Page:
Another pill, another night on the futon….
Now that I’m experiencing some health issues, I realize that I shouldn’t have laughed off my mother’s concerns about me living alone in a loft apartment. Sure, the whimsy of having a spiral staircase is worth the extra rent, but there are certain practical considerations you don’t make when you first see one, like how hard they are to get up when you aren’t feeling your best.
If all goes well with my blood work and the heart scan, I should start chemotherapy around noon tomorrow. I can’t say that I’m scared, but I’m really not all that excited. There’s alot of uncertainty about how the treatment will affect me, but seeing as I’ve tried to prepare myself (and quickly gotten over my fear of needles), I’m not really worried, just bothered that I don’t know what’s going to happen. I’m definitely looking forward to getting better, but because of the way cancer works, it’s going to be a long road.
My scar is healing up quite nicely. Ironically, I can feel it alot more now that the patch is off; it doesn’t hurt, but I can feel it tugging and everything. It’s been pretty easy to manage, outside of developing a fear of pillows and the collars on my shirts. But the stitches will be out soon enough.
Everything’s looking up for tomorrow, and treatment in general. I try to tell people that Hodgkin’s is a highly curable form of cancer; still, it needs to be treated and attacked as agressively as any other kind. I stay positive, but I don’t feel any need to surround myself with overwhelming positivity. That can get a little grating, as with a certain upbeat musical that goes best umentioned. Suffice it to say, however, that it starts with an A and ends with -nnie. Maybe it’s not as bad as I remember, and maybe I really just saw an atrocious production. It’s not that I don’t appreciate people staying upbeat, but really, this is all little more than another challenge. The problem with musicals and such is people go to them for a little boost; they don’t keep that same passion in their lives. You become reliant on little boosts, and you’ll never make it through. You have to be able to find a constant within yourself that you can always look to that will remind you that, no matter how bad it is, it could be worse and that reminds you that you’re worth fighting for. I’ve been through plenty in my life; disappointment, failure to live up to expectations, the whole gamut. And certainly the specter of cancer puts the little things into perspective. And yet I can’t help but feel that I can get through this the same way I have everything else: by laughing as I go and keeping my eye on the grander things. Even now I don’t feel like I need to have my life affirmed: I’ve done ok for myself and despite all this I’ll be fine as long as I cooperate and want to succeed. Friends mean a little more now, but I’ve always tried to keep people close, even if I don’t always seem to mean it.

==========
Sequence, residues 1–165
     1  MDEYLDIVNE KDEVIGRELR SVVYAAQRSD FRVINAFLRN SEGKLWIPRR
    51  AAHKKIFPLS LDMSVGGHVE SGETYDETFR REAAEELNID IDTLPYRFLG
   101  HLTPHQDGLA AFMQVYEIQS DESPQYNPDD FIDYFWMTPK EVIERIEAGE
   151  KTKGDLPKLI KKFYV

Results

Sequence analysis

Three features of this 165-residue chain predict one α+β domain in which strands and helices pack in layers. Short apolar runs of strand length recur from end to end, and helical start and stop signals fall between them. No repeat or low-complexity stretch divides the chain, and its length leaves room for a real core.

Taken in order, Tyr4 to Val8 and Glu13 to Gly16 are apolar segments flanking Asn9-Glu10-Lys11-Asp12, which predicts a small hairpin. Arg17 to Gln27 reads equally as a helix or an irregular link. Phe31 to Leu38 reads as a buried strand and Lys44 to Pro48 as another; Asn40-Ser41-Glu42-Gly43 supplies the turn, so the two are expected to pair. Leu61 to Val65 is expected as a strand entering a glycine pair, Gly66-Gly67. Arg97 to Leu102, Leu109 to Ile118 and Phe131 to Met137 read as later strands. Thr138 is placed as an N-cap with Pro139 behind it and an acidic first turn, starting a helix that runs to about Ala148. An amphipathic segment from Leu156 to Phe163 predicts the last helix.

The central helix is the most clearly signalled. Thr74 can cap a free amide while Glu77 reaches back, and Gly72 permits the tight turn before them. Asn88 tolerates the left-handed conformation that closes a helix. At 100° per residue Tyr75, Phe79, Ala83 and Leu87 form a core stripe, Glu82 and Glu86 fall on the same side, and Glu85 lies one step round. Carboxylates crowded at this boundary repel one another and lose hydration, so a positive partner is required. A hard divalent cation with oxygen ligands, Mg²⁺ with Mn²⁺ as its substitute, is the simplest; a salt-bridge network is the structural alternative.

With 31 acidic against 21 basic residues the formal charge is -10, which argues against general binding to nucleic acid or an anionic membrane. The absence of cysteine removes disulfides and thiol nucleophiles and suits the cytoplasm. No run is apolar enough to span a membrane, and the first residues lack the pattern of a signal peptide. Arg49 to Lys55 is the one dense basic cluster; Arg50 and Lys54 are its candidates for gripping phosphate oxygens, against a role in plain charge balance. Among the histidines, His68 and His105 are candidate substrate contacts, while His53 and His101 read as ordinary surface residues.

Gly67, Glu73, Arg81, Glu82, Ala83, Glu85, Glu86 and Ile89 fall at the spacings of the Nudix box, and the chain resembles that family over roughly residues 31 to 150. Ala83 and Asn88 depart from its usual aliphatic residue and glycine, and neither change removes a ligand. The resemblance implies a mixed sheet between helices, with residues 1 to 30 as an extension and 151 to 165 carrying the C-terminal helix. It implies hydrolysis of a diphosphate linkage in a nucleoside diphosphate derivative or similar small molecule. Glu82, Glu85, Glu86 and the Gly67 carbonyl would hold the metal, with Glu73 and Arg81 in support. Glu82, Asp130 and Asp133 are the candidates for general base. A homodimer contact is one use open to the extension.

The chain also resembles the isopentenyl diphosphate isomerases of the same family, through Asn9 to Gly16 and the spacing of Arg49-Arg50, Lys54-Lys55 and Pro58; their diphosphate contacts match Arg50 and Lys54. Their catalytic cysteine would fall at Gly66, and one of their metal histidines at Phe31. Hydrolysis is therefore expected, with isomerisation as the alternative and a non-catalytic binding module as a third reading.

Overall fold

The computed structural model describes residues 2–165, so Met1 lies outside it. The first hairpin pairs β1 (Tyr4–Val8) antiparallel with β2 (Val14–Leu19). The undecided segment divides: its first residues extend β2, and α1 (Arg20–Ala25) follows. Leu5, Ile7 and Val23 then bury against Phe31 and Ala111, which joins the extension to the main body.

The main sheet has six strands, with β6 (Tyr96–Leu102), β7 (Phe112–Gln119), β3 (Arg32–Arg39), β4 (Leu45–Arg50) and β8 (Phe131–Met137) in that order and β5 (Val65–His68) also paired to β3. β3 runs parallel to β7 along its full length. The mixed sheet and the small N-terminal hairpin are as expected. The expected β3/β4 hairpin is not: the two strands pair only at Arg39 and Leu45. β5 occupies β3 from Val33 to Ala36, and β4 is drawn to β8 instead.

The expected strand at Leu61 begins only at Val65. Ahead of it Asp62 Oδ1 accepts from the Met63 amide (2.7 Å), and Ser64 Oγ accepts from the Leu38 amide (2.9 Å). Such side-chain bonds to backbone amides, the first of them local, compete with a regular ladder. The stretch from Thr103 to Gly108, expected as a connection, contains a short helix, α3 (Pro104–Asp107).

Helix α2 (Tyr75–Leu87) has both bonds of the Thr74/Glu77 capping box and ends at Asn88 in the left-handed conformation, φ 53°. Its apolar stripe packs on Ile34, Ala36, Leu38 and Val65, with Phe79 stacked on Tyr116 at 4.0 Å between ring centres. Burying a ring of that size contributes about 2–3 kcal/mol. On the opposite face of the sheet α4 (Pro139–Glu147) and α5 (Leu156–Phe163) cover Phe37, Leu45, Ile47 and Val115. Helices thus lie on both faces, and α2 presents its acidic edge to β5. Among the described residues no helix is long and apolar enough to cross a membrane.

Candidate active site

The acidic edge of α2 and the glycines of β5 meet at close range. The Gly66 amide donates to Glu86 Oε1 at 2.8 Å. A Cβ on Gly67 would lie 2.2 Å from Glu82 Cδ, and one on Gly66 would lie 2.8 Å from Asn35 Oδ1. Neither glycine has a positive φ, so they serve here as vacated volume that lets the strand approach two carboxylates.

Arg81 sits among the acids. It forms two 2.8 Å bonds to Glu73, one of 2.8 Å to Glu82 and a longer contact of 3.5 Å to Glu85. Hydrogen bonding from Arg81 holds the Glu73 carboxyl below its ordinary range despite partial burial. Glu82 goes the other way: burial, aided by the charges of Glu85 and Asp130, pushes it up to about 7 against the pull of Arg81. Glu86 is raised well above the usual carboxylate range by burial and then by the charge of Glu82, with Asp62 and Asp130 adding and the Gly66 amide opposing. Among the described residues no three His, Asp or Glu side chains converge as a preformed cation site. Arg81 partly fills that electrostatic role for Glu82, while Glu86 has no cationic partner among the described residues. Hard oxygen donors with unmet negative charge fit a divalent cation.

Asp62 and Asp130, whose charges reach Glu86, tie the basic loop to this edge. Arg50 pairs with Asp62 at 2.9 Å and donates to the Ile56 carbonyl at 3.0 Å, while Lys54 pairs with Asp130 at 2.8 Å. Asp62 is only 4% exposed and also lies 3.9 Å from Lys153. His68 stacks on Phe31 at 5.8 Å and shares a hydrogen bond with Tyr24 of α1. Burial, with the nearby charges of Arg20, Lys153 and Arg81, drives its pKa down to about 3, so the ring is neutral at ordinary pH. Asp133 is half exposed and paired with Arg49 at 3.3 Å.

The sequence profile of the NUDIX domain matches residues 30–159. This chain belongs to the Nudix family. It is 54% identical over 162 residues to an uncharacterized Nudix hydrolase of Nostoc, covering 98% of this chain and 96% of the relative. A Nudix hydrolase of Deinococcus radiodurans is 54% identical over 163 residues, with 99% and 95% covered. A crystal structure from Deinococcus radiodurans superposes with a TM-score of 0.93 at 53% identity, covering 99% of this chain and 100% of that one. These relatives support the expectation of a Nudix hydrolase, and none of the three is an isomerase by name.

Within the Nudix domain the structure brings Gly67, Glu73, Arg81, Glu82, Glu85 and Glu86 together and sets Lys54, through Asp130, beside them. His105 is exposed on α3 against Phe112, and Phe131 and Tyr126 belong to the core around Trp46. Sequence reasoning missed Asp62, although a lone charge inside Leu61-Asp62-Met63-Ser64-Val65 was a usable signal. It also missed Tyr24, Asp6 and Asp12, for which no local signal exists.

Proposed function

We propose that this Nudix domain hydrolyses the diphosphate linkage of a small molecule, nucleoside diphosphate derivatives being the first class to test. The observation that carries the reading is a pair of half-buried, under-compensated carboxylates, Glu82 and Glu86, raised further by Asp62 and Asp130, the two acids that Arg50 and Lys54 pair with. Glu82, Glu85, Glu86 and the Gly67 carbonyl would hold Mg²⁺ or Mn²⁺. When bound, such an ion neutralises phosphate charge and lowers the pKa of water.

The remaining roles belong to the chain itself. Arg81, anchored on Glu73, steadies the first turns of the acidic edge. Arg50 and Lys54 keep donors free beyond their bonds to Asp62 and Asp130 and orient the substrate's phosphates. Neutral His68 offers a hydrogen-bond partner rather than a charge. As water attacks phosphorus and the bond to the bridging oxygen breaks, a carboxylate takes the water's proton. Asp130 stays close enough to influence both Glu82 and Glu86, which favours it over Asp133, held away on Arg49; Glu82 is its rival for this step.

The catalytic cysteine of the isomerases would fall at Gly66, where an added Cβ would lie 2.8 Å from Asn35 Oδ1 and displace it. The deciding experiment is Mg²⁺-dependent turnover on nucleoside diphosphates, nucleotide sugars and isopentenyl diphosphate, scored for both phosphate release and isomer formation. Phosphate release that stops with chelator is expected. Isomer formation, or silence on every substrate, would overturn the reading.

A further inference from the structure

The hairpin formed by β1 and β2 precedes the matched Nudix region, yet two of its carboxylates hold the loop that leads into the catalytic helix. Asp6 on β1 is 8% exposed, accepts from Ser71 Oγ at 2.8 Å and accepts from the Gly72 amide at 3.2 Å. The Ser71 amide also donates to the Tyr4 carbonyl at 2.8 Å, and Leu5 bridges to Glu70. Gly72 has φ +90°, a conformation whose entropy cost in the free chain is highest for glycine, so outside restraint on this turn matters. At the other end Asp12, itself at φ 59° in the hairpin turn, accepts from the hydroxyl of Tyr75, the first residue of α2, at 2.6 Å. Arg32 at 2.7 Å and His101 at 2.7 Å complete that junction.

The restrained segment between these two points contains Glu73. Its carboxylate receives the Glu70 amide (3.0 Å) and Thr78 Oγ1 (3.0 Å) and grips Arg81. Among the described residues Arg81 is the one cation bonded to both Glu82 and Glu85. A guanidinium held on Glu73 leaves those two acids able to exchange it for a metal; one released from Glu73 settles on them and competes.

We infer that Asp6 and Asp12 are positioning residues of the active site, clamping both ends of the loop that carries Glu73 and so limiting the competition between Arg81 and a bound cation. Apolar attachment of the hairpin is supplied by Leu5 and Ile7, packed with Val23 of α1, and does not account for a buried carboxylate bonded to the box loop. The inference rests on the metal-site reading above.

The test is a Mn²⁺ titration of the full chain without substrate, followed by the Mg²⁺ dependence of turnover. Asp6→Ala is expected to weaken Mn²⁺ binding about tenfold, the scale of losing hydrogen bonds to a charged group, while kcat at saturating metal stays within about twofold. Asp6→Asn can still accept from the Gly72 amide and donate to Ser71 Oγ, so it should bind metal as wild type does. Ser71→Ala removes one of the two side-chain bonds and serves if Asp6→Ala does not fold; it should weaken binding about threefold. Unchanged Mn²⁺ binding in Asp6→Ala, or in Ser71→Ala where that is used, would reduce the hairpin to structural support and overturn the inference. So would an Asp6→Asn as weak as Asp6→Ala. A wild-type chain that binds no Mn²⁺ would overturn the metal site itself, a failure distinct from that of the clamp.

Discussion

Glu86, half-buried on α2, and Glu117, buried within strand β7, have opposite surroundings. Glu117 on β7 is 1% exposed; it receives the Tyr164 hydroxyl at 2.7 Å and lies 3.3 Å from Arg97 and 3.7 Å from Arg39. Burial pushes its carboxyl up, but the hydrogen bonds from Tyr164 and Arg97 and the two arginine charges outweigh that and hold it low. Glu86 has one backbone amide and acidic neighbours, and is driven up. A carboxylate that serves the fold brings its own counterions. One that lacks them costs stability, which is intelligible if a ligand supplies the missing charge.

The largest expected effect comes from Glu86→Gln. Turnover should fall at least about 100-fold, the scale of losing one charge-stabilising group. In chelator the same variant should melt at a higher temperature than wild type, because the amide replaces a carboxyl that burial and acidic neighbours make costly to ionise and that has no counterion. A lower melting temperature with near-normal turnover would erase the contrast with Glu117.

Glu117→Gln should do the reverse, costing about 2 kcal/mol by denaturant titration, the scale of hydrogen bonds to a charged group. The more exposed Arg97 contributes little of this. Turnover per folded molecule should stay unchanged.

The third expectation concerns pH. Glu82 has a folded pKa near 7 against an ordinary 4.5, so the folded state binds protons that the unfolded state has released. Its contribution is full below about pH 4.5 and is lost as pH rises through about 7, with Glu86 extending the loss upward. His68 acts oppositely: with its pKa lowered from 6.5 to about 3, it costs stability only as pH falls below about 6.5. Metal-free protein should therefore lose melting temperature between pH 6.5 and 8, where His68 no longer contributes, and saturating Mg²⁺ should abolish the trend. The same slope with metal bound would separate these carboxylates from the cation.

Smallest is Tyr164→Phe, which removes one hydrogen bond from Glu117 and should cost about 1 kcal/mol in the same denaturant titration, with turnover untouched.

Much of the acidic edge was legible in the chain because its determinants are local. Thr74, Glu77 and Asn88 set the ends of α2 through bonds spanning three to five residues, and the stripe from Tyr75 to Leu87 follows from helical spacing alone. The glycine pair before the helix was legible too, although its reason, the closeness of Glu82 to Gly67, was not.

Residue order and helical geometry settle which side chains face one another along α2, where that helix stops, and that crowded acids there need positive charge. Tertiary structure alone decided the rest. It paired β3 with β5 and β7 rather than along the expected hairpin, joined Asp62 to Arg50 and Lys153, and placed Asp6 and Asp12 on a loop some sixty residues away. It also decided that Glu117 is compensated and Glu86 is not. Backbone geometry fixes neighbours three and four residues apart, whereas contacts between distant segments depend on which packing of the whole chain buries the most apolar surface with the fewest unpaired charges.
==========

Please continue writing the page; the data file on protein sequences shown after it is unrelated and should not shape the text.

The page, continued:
Ok, I guess I’ve rambled on for quite a while. My point is everything’s ok. I’m looking forward to getting better, and even though it won’t be easy, I’ll make it through, and I’ll keep it all here, come better or worse. It’s getting late, and I’ll need my strength for tomorrow. I’ll try to post an update tomorrow, depending on how I feel.
Until then, good night, and remember: the sun’ll come up tomorrow. Or so I’ve been told.